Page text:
One thing I will note, that there’s two things that, I think, make this task easier. With the exception of aircraft, they all come down and they tend to come down in the same way. So terminal defense for hypersonics can look a lot like that for supersonic.
But that’s not sufficient because we’re expecting to see a large number of missiles coming at us. So we need a layered defense system because we have too many threats to deal with to depend on a terminal defense.
But there’s also advantages to dealing with a hypersonic threat earlier in trajectories. In the terminal space, yeah, it can maneuver and it should be in order to avoid those terminal defenses. But in the mid-course phase, maneuvers come at a cost to range. They come at a cost to survivability in terms of the heating that’s incurred on the vehicle, and they’re typically less stressful during the glide because of those heating and structural constraints, because of the lower dense atmosphere and thermal stresses imposed, or sometimes because of the limitations of maintaining adequate airflow to a cruise missile engine.
So hypersonics definitely shifts towards near competition – near peer competition as being offensive dominant, which, of course, has a whole host of implications for stability and the likelihood for conflict. I’m not going to get into that, but I think Kelley alluded to that a little bit. Essentially, this means it’s a lot easier to attack than it is to defend against such an attack. So despite the obvious threat, as a department we’ve chosen to focus on offense first because a good offense is the best defense and offense is a lot easier.
So going into some of the key technologies and technical challenges and then opportunities, so at the JHTO we’ve been focusing on a couple of technologies to support missile defense applications, so infrared window technologies and RF antenna technologies.
So you need to be able to develop materials that allow the right spectral energy to pass through while protecting the seeker from stressing thermal environments. Aero optics – you need to understand sources of optical distortion for IR sensors such as ablation or erosion on windows and what the hypersonic airflow looks like over that window.
Having enough divert capability for containment through either on-demand propulsion or a high lift over drag interceptor. You need high-temperature materials in manufacturing. For directed energy, we need to understand what the kill mechanisms are and the effect that they have on materials and vehicle response and control.
Other areas of importance that I know that MDA is looking at, over-the-horizon radars we talked about earlier – how hypersonics fly below the radar horizon. Proliferating LEO with IR sensors is very important, low-latency communications to support beyond line-of-sight engagement, fusing and blast fragmentation warheads, solid DACS for naval launch systems, systems that require a combination of aero and DACS control for higher altitudes for glide phase intercept.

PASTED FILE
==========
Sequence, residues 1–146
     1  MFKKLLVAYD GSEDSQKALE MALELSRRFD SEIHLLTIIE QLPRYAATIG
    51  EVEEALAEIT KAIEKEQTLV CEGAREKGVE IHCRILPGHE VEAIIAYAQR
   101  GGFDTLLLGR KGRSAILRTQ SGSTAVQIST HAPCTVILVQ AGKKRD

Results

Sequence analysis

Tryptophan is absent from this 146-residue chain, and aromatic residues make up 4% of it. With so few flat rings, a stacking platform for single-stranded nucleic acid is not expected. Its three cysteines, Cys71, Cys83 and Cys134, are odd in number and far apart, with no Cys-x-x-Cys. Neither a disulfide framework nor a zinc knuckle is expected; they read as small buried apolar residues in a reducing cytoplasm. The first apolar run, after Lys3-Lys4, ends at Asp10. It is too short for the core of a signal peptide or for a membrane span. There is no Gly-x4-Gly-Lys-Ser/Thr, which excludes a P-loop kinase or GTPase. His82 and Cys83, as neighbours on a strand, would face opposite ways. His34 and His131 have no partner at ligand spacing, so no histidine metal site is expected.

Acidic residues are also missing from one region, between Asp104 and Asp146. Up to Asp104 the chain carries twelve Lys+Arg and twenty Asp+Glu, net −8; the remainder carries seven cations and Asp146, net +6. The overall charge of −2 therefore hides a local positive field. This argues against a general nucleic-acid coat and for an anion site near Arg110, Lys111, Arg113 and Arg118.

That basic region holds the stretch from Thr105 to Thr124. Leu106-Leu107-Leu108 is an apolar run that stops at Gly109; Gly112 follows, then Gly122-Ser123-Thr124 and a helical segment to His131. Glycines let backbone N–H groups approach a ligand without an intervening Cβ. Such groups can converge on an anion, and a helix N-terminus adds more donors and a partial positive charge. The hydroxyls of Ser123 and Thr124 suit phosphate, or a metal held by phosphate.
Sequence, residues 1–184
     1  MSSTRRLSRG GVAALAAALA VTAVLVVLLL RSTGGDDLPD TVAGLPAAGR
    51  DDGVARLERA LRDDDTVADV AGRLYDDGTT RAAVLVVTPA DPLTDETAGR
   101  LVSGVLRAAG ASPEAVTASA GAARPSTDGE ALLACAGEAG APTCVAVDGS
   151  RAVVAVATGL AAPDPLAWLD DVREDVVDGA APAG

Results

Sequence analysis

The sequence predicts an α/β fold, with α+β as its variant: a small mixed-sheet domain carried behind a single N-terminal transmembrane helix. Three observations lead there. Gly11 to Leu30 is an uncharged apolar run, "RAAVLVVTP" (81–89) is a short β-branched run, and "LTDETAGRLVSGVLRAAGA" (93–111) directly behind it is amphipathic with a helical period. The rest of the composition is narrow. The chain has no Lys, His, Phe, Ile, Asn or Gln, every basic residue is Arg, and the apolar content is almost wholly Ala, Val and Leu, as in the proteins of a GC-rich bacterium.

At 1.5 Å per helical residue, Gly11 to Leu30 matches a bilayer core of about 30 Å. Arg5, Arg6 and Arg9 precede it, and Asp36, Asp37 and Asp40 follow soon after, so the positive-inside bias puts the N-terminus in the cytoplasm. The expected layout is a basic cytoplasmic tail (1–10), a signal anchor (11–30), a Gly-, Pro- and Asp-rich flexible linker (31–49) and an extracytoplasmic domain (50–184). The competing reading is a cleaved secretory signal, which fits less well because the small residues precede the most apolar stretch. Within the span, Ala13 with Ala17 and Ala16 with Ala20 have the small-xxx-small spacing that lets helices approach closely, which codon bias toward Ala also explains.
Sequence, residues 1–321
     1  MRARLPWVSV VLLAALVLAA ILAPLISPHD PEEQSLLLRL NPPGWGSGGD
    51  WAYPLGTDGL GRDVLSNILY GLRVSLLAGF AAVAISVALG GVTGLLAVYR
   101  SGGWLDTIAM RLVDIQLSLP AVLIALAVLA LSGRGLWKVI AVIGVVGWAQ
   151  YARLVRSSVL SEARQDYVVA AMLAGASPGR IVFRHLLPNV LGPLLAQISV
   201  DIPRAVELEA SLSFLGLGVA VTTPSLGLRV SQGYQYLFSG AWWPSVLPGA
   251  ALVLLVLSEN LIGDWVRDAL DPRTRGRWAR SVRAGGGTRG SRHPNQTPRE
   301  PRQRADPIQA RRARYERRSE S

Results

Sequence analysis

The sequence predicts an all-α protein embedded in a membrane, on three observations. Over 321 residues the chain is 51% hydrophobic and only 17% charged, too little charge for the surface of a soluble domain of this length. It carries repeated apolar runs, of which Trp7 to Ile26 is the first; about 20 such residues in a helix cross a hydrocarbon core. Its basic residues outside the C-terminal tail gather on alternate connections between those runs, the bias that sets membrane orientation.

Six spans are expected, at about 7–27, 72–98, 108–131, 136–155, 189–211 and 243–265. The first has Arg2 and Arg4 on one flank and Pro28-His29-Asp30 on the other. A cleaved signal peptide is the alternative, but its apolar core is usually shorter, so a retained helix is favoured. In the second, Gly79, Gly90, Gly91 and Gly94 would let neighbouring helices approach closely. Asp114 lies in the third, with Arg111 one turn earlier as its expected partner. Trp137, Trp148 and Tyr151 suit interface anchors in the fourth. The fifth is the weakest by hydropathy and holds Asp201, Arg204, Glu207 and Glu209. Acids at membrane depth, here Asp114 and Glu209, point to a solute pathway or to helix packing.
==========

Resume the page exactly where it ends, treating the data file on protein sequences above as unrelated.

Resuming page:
Optimize battle management and decision-making – that’s a particularly challenging area. Predicted intercept points – can we predict where the target is? Can we predict maneuvers? Anything that we can do to reduce the three-to-one G requirement for interceptors and close the kill chain.
That’s a very hard aspect of hypersonic defense, having enough maneuverability to get that three-to-one overmatch, which presents opportunities, perhaps, for AI and machine learning. And then, finally, on jet interactions for systems that have DACS – you know, those jets can impinge on the vehicle. They can interact with each other. You need to understand what effect that has on your interceptor.
So what are the opportunities for offense in some of these investments that we can make in missile defense? Well, what has the maneuverability, altitude reach, and speed to hit a hypersonic missile? A hypersonic missile.
So concepts for defense that can be used to advance – so there are concepts that can be used to advance offensive designs. The seekers and guidance are different. The booster may be different, but the fundamental aero vehicle can be the same. We’ve seen a number of proposals using what could be an offensive strike weapon used as an interceptor, and vice versa.
Targets – MDA is really at the forefront of thinking about what future hypersonic weapon concepts and designs will be because they need to get ahead of the threat and design targets that interceptors under development today are facing back – you know, in 2030 what do those expected threats look like? Long-range kill chains, so a proliferating LEO for IR detection and comms for missile defense. The offensive strike community needs long-range kill chains as well and so we can leverage that infrastructure, we can leverage that architecture.
Materials and manufacturing – we have a lot of the same challenges there. So my office has been investing in materials and manufacturing relevant to both offensive strike and defense. In fact, some of our key offensive strike investments are funded through MDA because MDA has a need for them.